Wednesday 29 January 2020

How Trent Alexander-Arnold is redefining full-back role as rivals struggle to deal with his creative impact

Full-back is redefining the role as rivals struggle to deal with his creative impact, writes JJ Bull

Trent Alexander-Arnold celebrates scoring Liverpool’s fourth goal against Leicester. Photo: Reuters
Trent Alexander-Arnold celebrates scoring Liverpool’s fourth goal against Leicester. Photo: Reuters

JJ Bull

Liverpool have won 26 of their past 27 league matches, are the European and world champions and on St Stephen's Day absolutely destroyed their only real title challengers for the Premier League. Jurgen Klopp's side are unique, relentless and brilliant, just like their star player in the win over Leicester.

One of the more remarkable aspects of this Liverpool team is that every week a different individual steps up to make the difference. Against Leicester, Trent Alexander-Arnold was outstanding.

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Only Kevin De Bruyne, Thomas Muller and Jadon Sancho have provided more assists than Alexander-Arnold in the top five European leagues this season.

On Thursday, the Liverpool player recorded his seventh and eighth assists of the season, before scoring a superbly finished goal from distance.

It is even more impressive considering the 21-year-old is, on paper, a defender.

Nobody has created more chances from set-pieces in the Premier League than Alexander-Arnold this season, but his delivery into the box is equally deadly in open play.

Opposition managers have devised ways to mute his influence, either pushing a winger high in the hope that it forces him to stay deeper, or assigning a midfielder or wing-back specifically to mark him.


Neither of these has proven particularly successful. That is partly because Alexander-Arnold is so talented, but also because he has been coached to counteract attempts to keep him quiet.

When a wide player stays tight to limit his ability to put balls into the box, Alexander-Arnold simply moves into midfield and swaps position with the right central midfielder, who then operates as the winger.

James Maddison was assigned this task, but was made redundant by Alexander-Arnold's constant marauding runs. Leicester's hope would have been that the creative threat Maddison offers moving inside from wide on the left would result in Alexander-Arnold leaving his defensive station to follow him, leaving the channel open for Ben Chilwell, and that if Alexander-Arnold tried to move inside, Maddison could track and block.

Instead, the Leicester player was rendered redundant as Alexander-Arnold focused on his own game.

Maddison touched the ball only 33 times all game as the Liverpool player ran the show. By contrast, Maddison had 49 touches in the 3-1 defeat by Manchester City.

Alexander-Arnold is effectively Liverpool's most important creative player, operating as a playmaker from a wide defensive starting position.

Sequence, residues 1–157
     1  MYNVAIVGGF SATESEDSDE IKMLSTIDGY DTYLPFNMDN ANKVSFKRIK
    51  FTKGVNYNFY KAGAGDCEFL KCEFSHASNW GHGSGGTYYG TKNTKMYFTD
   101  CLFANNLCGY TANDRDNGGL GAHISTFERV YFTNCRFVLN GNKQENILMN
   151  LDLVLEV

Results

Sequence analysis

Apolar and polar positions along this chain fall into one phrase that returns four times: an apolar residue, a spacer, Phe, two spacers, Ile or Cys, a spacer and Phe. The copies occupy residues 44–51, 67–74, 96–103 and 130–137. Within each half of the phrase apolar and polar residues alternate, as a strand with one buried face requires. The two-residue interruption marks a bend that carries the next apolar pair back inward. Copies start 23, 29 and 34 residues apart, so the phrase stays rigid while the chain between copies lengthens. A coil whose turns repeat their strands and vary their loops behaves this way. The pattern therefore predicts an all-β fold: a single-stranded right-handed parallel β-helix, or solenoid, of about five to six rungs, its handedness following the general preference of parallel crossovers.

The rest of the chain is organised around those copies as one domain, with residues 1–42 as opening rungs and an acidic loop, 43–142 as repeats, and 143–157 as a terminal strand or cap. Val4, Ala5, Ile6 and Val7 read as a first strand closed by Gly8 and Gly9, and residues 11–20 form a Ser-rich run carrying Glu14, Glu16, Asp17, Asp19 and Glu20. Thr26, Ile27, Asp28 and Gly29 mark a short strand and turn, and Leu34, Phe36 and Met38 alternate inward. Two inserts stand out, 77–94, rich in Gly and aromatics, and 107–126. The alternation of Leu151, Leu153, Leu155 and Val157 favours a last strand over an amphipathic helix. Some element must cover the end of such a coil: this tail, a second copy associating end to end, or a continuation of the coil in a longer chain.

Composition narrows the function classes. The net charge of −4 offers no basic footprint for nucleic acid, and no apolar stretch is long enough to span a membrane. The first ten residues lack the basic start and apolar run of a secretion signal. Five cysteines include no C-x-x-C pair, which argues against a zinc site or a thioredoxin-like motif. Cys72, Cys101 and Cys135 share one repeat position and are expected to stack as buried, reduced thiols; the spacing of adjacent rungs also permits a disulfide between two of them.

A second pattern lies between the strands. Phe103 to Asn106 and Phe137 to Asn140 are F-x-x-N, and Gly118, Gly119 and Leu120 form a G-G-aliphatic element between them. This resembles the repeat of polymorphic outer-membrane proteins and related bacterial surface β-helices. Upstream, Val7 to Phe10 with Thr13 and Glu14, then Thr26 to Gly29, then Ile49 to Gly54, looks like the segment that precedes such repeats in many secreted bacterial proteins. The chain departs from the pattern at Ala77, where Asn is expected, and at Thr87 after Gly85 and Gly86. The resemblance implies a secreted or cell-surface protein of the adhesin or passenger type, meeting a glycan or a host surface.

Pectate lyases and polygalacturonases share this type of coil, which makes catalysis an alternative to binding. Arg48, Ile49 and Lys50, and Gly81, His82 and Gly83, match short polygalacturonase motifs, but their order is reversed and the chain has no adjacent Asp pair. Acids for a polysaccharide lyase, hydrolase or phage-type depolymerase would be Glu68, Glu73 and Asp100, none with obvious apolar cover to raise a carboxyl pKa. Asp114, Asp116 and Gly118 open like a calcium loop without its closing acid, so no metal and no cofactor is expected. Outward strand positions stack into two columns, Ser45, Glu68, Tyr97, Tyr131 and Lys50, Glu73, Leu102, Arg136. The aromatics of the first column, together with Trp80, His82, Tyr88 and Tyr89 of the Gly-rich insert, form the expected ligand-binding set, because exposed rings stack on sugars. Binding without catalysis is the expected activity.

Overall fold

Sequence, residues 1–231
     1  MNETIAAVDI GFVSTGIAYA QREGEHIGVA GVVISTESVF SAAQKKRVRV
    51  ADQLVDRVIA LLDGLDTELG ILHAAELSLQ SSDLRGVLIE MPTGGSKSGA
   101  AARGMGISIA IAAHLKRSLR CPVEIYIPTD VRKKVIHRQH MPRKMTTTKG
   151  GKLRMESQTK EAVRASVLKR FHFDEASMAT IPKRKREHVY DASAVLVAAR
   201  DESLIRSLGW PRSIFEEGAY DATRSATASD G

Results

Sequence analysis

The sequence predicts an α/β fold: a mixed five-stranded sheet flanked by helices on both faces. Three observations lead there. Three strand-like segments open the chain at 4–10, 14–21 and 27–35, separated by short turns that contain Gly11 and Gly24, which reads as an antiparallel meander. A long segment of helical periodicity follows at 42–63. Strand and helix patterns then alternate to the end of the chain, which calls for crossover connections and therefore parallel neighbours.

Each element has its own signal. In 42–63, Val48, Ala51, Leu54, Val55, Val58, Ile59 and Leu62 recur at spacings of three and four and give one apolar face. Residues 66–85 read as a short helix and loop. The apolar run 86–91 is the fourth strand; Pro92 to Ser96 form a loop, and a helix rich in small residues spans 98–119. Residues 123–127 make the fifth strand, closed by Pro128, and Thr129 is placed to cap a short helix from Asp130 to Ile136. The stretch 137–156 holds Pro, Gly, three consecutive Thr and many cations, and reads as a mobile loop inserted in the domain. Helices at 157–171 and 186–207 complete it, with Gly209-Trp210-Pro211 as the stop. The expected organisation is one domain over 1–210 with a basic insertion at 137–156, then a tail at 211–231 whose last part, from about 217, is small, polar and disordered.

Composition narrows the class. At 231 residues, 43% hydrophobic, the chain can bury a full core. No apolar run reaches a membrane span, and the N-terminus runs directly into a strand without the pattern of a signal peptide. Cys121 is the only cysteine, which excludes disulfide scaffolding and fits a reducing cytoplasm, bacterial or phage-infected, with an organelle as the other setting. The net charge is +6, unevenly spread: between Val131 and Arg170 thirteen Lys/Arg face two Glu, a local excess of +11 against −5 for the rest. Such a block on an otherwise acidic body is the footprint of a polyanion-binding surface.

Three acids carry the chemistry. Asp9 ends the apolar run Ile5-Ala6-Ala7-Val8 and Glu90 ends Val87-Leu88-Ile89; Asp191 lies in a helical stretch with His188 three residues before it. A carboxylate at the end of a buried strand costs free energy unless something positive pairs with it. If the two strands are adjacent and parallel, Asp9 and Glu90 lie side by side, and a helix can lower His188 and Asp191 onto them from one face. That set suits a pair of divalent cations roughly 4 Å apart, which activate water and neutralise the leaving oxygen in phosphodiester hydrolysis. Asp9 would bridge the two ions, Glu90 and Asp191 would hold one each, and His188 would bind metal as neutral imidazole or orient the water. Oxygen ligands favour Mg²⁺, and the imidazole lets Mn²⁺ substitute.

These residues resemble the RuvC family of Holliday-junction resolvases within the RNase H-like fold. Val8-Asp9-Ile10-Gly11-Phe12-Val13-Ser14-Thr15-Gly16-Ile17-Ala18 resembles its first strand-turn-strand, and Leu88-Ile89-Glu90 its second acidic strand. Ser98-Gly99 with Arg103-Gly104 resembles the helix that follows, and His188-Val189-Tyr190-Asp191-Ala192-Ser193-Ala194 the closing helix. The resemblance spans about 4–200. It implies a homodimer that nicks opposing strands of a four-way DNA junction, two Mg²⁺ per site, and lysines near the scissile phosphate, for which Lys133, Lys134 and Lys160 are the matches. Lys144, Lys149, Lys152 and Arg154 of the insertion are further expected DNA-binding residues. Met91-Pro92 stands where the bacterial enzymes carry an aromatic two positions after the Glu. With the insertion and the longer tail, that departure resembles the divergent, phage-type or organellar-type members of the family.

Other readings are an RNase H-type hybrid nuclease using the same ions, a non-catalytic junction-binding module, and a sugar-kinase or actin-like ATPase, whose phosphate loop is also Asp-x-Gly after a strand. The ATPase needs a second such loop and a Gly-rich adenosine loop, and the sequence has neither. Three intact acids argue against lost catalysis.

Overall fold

His attacking movement is reminiscent of peak Dani Alves - more winger than full-back - but his vision to spot early balls into the box and his crossing ability are closer to a midfielder such as David Beckham.

His eight assists this season have all come from different positions on the pitch. The first against Leicester was in the second phase of a corner, as Alexander-Arnold took up a position as midfield playmaker. Leicester players were not sure whose job it was to close down a player who should technically be on the opposite wing, and a perfectly weighted chip to the back post resulted in Roberto Firmino giving Liverpool the lead.

The second assist was a drilled pass across the area to Firmino, after Alexander-Arnold looked up to spot the player in space. His best trick is the early ball into the box, bending crosses round the opposition defence while they are still getting in position, striking the delivery with enough power and accuracy that the receiver just has to direct the shot on target.

The opening-day pass for Divock Origi to score against Norwich showed that Liverpool, with Alexander-Arnold on the pitch, can create from anywhere inside the opposition half. Teams have tried to target Liverpool's right side in the past in the hope of exploiting a defensive vulnerability that has not been there for a long time.

Alexander-Arnold can still be caught out of position on occasion because he gets so far forward, but that will improve with coaching and experience.

Leicester's reality check was complete when Alexander-Arnold fired in his goal for 4-0, wrapping up a masterclass in wide play that made Brendan Rodgers's left wing redundant, overloaded the midfield and meant Klopp's side could create no matter how Leicester defended.

In Alexander-Arnold Liverpool not only have one of the world's best full-backs, but also one so uniquely talented that he is redefining our expectations of the role.

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